2.2.6. Fluorescence Microscopy

Hepatocytes (2.5 × 105 per well of a 6-well dish) were plated with or without 7 × 104 Kupffer cells, on collagen-coated glass coverslips. Cells were fixed in 4% PFA in PBS for 1 h, followed by staining with 0.1 µg/mL LD540 [30] and 1 µg/mL 4′,6-diamidino-2-phenylindole (DAPI). Coverslips were rinsed in water and mounted in fluorescent mounting medium (Dako, Hamburg, Germany). Epifluorescence images were acquired on an Axio Observer Z1 (Zeiss, Oberkochen, Germany) in Apotome mode with a 63×, NA 1.4 Plan-Apochromat objective and a Hamamatsu Orca flash 2.0 camera. Quantification of lipid droplet size, number and total LD540 fluorescent area was performed using Fiji [31]. If indicated, data were normalized to total number of cells using equal threshold settings for all images in one figure.

2.3. Statistical Analysis

Statistical analysis was performed using GraphPad Prism software (version 5.0) (GraphPad, La Jolla, USA). All data are presented as mean values with SEM. Significance was analyzed with a two-tailed Student’s t-test. Statistical significance is indicated as follows: ns, not significant, * p < 0.05, ** p < 0.01, *** p < 0.001.

3. Results

3.1. High-Fat Diet (HFD) Mice Show Mild Steatotic Characteristics

In our HFD model, mice were fed a 60% high-fat diet for 10 weeks. During the experiment, the mice consumed normal amounts of food with elevated caloric density (Supplementary Figure S2A). This resulted in a moderate weight gain of about 6 g (Supplementary Figure S2B) along with a rather mild steatosis, characterized by unchanged liver weight (HFD: 1.65 ± 0.09 g vs. normal diet (ND): 1.50 ± 0.04 g n = 4), normal liver appearance (Supplementary Figure S2C) and a 1.8-fold increase in hepatic lipid content (Figure 1A). Serum FFA and cholesterol were elevated (Figure 1B), intraperitoneal glucose tolerance was decreased (Figure 1C). There was a significant increase in alanine aminotransferase and a slight increase in aspartate aminotransferase (Figure 1D). Upon isolation of hepatic cells, numbers of both hepatocytes and CD11b-positive Kupffer cells were unchanged (Figure 1E). When stained with the LD-specific dye LD540, isolated hepatocytes of HFD animals showed lipid droplets (LDs) with increased size and total area (Figure 1F).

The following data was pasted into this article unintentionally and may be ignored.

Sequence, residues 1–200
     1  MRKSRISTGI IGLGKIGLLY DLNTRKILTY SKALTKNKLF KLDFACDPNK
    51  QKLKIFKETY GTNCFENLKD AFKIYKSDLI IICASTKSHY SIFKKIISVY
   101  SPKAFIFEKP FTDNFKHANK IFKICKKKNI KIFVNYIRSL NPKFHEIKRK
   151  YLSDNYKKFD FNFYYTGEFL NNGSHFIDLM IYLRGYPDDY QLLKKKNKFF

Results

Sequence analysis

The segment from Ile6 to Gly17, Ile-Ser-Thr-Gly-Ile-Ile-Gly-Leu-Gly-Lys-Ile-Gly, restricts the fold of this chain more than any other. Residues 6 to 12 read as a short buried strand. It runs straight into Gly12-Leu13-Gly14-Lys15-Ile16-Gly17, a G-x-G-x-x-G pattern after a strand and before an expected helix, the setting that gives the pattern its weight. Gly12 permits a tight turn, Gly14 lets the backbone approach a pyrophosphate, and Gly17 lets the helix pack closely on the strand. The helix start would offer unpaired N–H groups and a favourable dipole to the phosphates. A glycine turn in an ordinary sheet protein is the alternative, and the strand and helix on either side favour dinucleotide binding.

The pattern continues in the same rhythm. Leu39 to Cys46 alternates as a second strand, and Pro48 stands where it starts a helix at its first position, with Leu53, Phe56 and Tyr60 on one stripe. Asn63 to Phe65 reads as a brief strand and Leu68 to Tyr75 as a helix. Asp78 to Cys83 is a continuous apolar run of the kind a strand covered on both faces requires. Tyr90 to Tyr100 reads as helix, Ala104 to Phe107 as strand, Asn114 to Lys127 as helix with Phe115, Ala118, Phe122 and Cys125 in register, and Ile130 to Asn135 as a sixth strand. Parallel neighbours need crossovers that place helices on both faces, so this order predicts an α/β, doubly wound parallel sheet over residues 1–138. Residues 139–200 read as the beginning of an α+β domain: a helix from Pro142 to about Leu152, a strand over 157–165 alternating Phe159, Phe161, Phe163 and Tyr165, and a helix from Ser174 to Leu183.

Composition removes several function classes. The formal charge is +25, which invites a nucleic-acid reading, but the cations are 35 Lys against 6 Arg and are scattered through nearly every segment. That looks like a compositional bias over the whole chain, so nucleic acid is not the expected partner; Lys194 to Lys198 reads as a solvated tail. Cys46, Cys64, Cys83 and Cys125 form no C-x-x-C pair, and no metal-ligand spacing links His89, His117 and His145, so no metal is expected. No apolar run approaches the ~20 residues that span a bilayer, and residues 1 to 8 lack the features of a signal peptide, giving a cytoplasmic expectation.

In order to characterize the fatty acid metabolism on a cellular scale, we performed a pulse-chase experiment of fatty acid incorporation into the major lipid classes along the phospholipid and TAG biosynthetic pathway, using alkyne-labeled fatty acids and fluorescent detection technology [29] (Figure 2A). For labeling, a 1/2 mixture of alkyne-palmitate and alkyne oleate was used, which ensures with their typical preferences for sn-1 and sn-2 positions [29], respectively, an efficient labeling of most phospholipids. Labeling in TAG is expected to distribute over all three hydroxyl groups. Under the conditions of a short labeling pulse, multiple labeling in one molecule was not observed. Note that the labeling pattern indicates the relative flow of label into the target molecules. For determination of absolute lipid synthesis rates, additional information regarding total lipid synthesis rate would be required. Hepatocytes of ND mice showed a rapid initial incorporation of labeled fatty acids mostly into diacylglycerol (DAG), phosphatidylcholine (PC) and TAG. Upon a chase, the labeled DAG was converted mainly to PC and TAG, which are the major final products of exogenous fatty acids. Hepatocytes of HFD mice showed similar results. However, notable differences were found in DAG metabolism: the initial amount of labeling in DAG was smaller (Figure 2B) and the ratio of 1,3-DAG to 1,2-DAG was larger in HFD hepatocytes than in control hepatocytes (Figure 2A). While 1,2-DAG is an anabolic biosynthetic DAG derived from phosphatidic acid (PA) by dephosphorylation, 1,3-DAG is likely a product of catabolic action of the adipose TAG lipase on TAG [32] (Figure 2C). Therefore, the changed ratio of these DAGs indicates an increased TAG turnover in HFD hepatocytes. Metabolism of phosphatidic acid and phosphatidylethanolamine (PE), as well as final amounts of labeled PC and TAG were very similar under the different diets (Figure 2B). Overall, the pulse chase experiment with isolated hepatocytes failed to explain the steatotic phenotype of HFD mice.

3.2. TNF Is a Major Player in Generating a Steatotic Phenotype in ND Hepatocytes